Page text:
From Hawarden to Sir Harry
Emma Hamilton began life as Emy Lyon on 26 April. That, at least, is the date she always celebrated as her birthday. As no record of her birth survives, the year of her birth is not known for sure, but her parents, Henry and Mary Lyon, were married on 11 June 1764. Emy was baptized on 12 May 1765. It seems reasonable to assume she was born in the year of her baptism.
She was born in Ness, near Denhall, on the windy Wirral Peninsula in Cheshire, overlooking the Dee estuary. The parish of Neston wa described in 1809 as one of the most miserable townships on the Peninsula, a collection of hovels inhabited only by colliers. The pit at Denhall had been opened in 1750, and Henry Lyon was identified on Emy's baptismal certificate as smith 'of Ness'. Probably he worked in connection with the pit.
A tall building, known as Swan Cottage, still stands on a bank at Denhall. From the uppermost rooms, there is a fine view across the wide estuary to the northern coast of Wales. No hovel, by reason of its commanding height it was later used as a shipping beacon. However, it is reputed to have been the smith's house at this date. At the back of the house is a plaque inscribed 'I.L. S.L. 1724', so there may have been Lyons living here before Henry. In this house we may see Emma Hamilton's birthplace.
Of Henry Lyon little is known. As he signed his marriage certificate with a cross, the illiterate's mark, we may safely dismiss more romantic tales which sprang up in the Victorian times. Emm Hamilton's great-grandson believed Henry was the estranged son of a nobleman, beating out his anger against his sire on the anvil.
Henry died from unknown causes and was buried on 21 June, being named then as smith 'of Denhall', barely two months after his daughter's birth. We need linger no further in squalid Denhall. Tradition has it that his widow immediately took her infant across the estuary to Hawarden in Wales, where her parents lived.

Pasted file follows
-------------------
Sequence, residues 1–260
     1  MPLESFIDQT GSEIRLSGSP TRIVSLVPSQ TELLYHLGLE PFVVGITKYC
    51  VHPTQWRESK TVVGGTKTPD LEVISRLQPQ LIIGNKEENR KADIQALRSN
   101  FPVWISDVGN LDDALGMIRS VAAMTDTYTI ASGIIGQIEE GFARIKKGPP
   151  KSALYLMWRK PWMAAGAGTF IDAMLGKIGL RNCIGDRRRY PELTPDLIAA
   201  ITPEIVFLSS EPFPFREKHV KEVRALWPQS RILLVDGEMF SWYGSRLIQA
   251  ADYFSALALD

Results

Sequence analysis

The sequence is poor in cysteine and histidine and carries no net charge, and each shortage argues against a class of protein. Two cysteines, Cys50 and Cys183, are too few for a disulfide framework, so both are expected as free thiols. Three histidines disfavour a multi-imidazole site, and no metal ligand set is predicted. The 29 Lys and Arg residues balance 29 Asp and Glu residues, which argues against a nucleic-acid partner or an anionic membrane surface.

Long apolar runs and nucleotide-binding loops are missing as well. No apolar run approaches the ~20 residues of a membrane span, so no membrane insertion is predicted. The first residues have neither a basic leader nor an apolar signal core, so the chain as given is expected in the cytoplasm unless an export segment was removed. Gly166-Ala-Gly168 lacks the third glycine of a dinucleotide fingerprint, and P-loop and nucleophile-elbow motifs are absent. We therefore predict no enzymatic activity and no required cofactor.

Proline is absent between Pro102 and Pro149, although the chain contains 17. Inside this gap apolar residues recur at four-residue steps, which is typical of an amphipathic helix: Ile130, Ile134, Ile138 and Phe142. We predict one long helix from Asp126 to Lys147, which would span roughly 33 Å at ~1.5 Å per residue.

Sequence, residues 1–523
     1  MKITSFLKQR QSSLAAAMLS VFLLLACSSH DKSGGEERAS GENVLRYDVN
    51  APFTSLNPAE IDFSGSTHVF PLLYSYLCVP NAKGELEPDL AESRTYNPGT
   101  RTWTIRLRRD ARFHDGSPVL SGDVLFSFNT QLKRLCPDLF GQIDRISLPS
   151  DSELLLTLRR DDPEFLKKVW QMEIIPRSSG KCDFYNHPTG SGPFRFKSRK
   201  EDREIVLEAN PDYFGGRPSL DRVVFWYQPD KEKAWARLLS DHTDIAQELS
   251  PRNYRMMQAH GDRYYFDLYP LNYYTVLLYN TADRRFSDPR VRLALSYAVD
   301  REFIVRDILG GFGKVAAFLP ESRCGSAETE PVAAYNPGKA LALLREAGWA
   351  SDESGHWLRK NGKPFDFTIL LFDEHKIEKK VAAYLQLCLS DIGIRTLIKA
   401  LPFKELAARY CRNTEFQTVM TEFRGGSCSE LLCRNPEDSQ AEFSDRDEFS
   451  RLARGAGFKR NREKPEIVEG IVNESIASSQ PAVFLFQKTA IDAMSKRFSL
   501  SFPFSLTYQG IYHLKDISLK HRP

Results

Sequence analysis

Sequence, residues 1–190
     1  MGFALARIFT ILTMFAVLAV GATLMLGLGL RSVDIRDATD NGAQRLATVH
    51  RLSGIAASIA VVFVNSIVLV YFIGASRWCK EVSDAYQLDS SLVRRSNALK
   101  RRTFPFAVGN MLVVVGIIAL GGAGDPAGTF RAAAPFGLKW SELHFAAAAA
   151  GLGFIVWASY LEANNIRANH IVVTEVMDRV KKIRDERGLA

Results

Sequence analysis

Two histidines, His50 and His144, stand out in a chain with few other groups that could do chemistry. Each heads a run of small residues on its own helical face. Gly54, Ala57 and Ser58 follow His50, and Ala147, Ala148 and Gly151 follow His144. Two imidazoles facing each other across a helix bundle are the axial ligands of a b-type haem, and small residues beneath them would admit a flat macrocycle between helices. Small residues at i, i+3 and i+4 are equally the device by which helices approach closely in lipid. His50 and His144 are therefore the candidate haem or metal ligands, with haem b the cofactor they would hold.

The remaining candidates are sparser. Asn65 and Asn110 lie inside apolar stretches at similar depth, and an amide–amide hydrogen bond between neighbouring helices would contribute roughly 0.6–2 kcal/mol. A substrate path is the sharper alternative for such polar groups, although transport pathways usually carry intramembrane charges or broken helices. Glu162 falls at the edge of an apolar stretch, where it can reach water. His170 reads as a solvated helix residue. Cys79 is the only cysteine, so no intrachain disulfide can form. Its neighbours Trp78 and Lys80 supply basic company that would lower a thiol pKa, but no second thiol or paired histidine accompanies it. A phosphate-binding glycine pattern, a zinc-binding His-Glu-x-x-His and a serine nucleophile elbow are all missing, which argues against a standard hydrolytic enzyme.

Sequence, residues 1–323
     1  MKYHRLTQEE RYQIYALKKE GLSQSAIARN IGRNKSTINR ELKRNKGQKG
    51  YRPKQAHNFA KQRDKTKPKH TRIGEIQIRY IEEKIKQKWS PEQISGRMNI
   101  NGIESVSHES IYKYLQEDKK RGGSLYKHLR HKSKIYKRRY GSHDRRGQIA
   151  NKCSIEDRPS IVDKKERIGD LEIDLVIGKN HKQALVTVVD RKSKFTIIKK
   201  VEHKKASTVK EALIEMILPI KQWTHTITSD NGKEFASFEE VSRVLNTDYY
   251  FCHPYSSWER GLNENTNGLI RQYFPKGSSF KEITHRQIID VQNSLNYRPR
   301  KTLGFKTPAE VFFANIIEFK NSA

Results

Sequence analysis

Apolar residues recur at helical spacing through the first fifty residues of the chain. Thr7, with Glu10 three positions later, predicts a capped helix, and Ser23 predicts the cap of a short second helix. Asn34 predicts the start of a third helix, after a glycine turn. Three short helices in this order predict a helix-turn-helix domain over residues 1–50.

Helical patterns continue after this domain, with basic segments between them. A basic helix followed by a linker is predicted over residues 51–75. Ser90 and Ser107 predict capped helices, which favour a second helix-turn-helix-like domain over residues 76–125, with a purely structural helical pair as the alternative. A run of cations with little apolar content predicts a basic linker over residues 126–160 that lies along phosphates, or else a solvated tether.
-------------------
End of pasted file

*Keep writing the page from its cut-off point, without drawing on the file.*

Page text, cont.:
Mary Lyon's parents, Mr and Mrs Kidd, lived in a small 'cruck' cottage, distinguished from the other thatched and whitewashed dwellings in the village by a set of red sandstone steps. Mary had at least one brother, William, and three sisters, who were to become the Mrs Moore, Connor and Reynolds. Possibly, when Mary brought her baby, there were one or two of these still living at home.
The Steps, as the house was known, lay at the end of an old lane which ran down under the park wall of Broad Lane Hall, on the opposite side of the road to the Glynne Arms. Sir John Glynne was owner of the estate, which, in later years, as Hawarden Castle, was to be Prime Minister Gladstone's country home. Many of the villagers worked for Sir John in some capacity or other. There was a variety of industry practised in Hawarden-cheese-making, arable farming, coal mining. Mrs Kidd had a carrier's business and took produce from the Hall, together with sacks of coal from the works, to sell in Chester market.
Sarah Kidd was a formidable lady. In the 1890s a story was still remembered in which robbers were said to have attempted to steal the proceeds of her sales at Chester. They lay in wait on the road leading back from Chester along the southern side of the Dee estuary. Mrs Kidd, stout in defence of the contents of her loose pocket, belaboured them with her whip with such ferocity that they fled.
The Kidd men played second fiddle to the women of the family. Emma's grandfather was allotted in his wife's enterprise only the part of taking her proceeds up to the Hall. Otherwise he guarded sheep on Saltney marshes, a sodden stretch of land to the east of the village. It is said he used to dig a deep hole and stand in it, firing an ancient shotgun at marauding dogs who ventured near his flocks.
Of Emma as a child we know little. In the 1890s the local historian Hilda Gamlin could discover only the tradition that Emma had stood by a donkey on the Chester road and offered handfuls of coal for sale. Whether this was a scheme of her grandmother's or of her own devising, it is the only instance in her life where Emma showed any financial grasp.
Other ancestral memories of Emma being a sweet young girl, and very generous always, ring true. She spoke of herself as of having been 'wild and thoughtless' as a child. In a household where those who could work did so—with the exception of William, who declared himself, surprisingly, 'never brought up to work'—Emma probably enjoyed a degree of healthy neglect. There is comfort in Mary Wollstonecraft's words: 'Most women who have acted like rational creatures, or shown any vigour of intellect, have accidentally been allowed to run wild.'